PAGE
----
We went to the farmers market this morning. You can find a huge selection of fresh fruits, vegetables, fish and other meats here. We purchased some freshly ground beef, pork, corn on the cob, pamplemouse, oranges, bananas, dill, parsley, spring onions and much more.
The markets here are also fully stocked. I love French countries for many reasons but the food is certainly one of them. We have fresh milk for the first time in a while, lots of yummy cheeses, good steaks, etceteras.
After a lazy morning we finally piled in the car at around noon ready for a repeat of our search for the Belvedere. With the help of various folks on the street and a sign here and there we finally made it. The drive is incredible. You spend quite a bit of time winding along a single lane road going up at a fairly steep angle with sheer drop offs on either side. The vistas are fantastic. We had to back up once for a quarter mile to find a spot to pull over to allow another car to pass. The road was so steep that Nobu and Pablo had to get out and push to get the little Citroen going again. I was in first gear for the entire last half of the drive.
The restaurant is situated high above Papeete and provides breathtaking views of the lower areas of Tahiti and her reefs and lagoons as well as a lovely outlook on Moorea. If you get lucky and visit on a day without clouds on the horizon you would no doubt be able to easily see Huahine and Tetiaroa.
Hideko and I shared a wonderful lunch of cheese and steak fondue. The food is a little expensive as you might expect but if you order the right things it is also very tasty.
After lunch we decided to explore the mountains above the Belvedere. The Belvedere marks the base of the trails that lead to the tops of three progressively higher peaks, the last of which, I believe, is the tallest on Tahiti.
This is not a hike to take lightly! You first make your way up to a French Military training facility with lots of obstacles and physical training structures, a sight in and of itself. This leads you to the trail head and things are all dirt, rock and roots from there on. We passed a three cable bridge over a deep ravine (part of the French training setup) and, bearing right followed the trail up into the hills. Shortly thereafter you confront two hillsides with ropes hanging down to assist you in mounting the rise. This would be even more tricky to navigate if it had rained heavily recently.
We hiked on for about three hours. We weren't even close to the first peak. At point where we decided to turn back to ensure that we would have enough light to get down we were still a ways off of the first of three vistas. It was still well worth the effort. We hiked across ridges with stunning views of both the interior valleys and the waters around Tahiti. As we gained elevation we could see the bands of habitat change from hardwood to pine forest and then on to ferns and moss in the upper elevations where the clouds shroud the hills in moisture most days.
This hike would be my number one recommendation for sights to see on Tahiti. Not only is it great exercise but you will not see more of the natural beauty of the island any other way. This hike has it all, vistas of the lagoons and sea, waterfalls, sheer peaks and pinnacles as well as all of the varieties of plants and trees.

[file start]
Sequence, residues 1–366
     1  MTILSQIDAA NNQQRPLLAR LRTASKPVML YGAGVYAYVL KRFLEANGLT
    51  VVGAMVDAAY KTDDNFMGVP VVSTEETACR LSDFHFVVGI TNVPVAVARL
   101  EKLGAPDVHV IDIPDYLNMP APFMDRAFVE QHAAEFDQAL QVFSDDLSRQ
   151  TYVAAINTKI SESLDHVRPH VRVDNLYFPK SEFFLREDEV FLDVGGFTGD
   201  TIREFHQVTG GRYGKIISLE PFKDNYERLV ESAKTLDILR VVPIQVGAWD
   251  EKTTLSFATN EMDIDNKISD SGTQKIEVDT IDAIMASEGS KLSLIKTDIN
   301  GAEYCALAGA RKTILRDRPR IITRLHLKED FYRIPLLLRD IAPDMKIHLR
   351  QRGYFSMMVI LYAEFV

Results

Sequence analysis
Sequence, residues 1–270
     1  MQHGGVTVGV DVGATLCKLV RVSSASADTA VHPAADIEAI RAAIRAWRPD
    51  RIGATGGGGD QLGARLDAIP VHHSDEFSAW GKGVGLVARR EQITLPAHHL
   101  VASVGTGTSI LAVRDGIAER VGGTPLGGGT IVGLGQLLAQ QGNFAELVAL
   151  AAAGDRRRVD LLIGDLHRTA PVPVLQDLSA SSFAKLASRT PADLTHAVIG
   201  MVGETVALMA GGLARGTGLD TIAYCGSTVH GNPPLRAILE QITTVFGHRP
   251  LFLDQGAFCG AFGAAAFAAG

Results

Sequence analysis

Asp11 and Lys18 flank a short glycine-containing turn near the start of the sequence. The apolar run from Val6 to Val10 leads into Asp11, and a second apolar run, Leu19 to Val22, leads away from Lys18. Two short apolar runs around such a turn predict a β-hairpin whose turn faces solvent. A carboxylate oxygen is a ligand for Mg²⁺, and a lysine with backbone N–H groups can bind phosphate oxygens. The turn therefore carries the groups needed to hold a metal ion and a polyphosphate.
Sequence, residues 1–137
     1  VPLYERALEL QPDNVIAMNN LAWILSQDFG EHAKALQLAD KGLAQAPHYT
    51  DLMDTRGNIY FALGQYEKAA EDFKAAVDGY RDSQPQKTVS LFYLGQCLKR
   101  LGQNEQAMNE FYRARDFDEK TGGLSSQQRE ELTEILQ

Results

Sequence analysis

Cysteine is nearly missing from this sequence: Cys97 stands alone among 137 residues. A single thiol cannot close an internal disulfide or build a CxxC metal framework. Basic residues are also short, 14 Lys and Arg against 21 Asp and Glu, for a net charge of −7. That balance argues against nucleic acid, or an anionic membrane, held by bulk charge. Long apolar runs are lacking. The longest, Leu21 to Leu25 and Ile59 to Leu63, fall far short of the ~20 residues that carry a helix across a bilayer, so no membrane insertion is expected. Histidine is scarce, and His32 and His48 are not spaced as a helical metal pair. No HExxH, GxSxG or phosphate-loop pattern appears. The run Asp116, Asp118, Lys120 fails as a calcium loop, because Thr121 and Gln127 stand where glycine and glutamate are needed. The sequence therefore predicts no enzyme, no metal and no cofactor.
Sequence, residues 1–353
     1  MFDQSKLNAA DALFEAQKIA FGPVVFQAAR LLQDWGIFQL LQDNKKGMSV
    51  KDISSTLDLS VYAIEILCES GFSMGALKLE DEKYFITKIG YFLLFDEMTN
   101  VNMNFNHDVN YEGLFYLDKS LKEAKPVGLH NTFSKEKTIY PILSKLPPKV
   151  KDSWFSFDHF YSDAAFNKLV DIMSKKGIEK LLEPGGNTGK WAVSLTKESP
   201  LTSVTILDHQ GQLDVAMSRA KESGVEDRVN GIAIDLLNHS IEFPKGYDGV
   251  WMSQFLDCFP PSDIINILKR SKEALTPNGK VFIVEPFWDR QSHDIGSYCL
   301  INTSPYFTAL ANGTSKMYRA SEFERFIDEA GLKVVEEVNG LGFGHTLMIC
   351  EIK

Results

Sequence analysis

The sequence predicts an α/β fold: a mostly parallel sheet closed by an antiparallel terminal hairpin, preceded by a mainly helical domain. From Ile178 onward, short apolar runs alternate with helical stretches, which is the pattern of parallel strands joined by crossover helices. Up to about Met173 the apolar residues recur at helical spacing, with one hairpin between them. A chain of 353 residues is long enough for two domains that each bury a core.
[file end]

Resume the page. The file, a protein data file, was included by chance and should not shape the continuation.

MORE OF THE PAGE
We rented a car today and took a ride around the island. After leaving the boat we walked into town and a kind gentleman helped us locate the Le Truck to take us to the airport. The Le Truck is a, well, truck. They have converted the back of the truck into a covered but open seating area and you pay about 150 francs by day and 200 by night to go just about anywhere. They are locals, not express, in function and stop a lot but are fun to ride and allow you to make friends with the Polynesians you may find yourself sitting next to.
At the airport we rented a little Citroen with room for five from Avis. With full insurance and fuel it was about $150 per day. Not cheap. I used my US license and did not need to produce an international driver's license as I have heard some agencies require.
We set out to circumnavigate. Our first stop was the Tahiti and her islands museum. It is a great museum and really gives you a nice overview of the Polynesian history and culture. It is all in French with a little bit of English translation on most exhibits but still a must see. A lot of surfers ride the break off of the beach at the museum and there is a nice park there.
As we drove around the island we realized just the view from the car is an attraction. The road around Tahiti is very scenic especially if you turn off often to enjoy the coastline or take a random road up into the hills to enjoy a vista. The grottoes and waterfalls right along the coast on the south side and the Marea (ancient sacred Polynesian site) up the hill near the main road are all fun to see.
We drove by Port Phaeton nestled deep in the natural bay formed between Tahiti Iti and Tahiti Nui. It is the most protected harbor in Tahiti (perhaps Polynesia). The road is no more than a foot above water in some places.
We came around the north side of the island as the sun was setting. There is some construction going on in this area and the roads require more care to navigate safely. Many surfers worked hard to get a ride on the less than optimal breaks along the coast here.
We had planned to eat dinner at the Belvedere high up in the hills above Papeete. After an hour of driving around in the heights a pleasant man informed us that we were on the wrong mountain. We still had great views of the islands. We packed it in for the day and had another yummy dinner at the Roulottes.
We decided to setup the pasarelle today. The Quai is fairly high and it is tough for some of our crew to get up onto the dock. We dropped the dink into the water between the hulls and tied it to the dock. Unlike Little Star, Shooting Star can't pass under the bridge deck. Too bad because it would be fun to explore the lagoons around here.
I trimmed our main halyard after setting up our new rig in Grenada so it will no longer reach back to support the pasarelle (it being two part). We used the topping lift this time which worked great allowing us to control the ramp from the cockpit and without the unnecessary overhead of the two parts.